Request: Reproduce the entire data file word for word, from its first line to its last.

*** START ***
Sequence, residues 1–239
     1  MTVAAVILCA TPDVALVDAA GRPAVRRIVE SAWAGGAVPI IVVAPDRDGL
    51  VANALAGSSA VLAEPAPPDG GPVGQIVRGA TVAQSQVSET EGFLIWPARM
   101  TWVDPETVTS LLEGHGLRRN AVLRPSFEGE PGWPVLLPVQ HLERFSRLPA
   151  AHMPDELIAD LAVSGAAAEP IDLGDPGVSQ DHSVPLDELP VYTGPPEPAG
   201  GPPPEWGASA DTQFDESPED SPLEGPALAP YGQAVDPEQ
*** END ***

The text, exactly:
Sequence, residues 1–239
     1  MTVAAVILCA TPDVALVDAA GRPAVRRIVE SAWAGGAVPI IVVAPDRDGL
    51  VANALAGSSA VLAEPAPPDG GPVGQIVRGA TVAQSQVSET EGFLIWPARM
   101  TWVDPETVTS LLEGHGLRRN AVLRPSFEGE PGWPVLLPVQ HLERFSRLPA
   151  AHMPDELIAD LAVSGAAAEP IDLGDPGVSQ DHSVPLDELP VYTGPPEPAG
   201  GPPPEWGASA DTQFDESPED SPLEGPALAP YGQAVDPEQ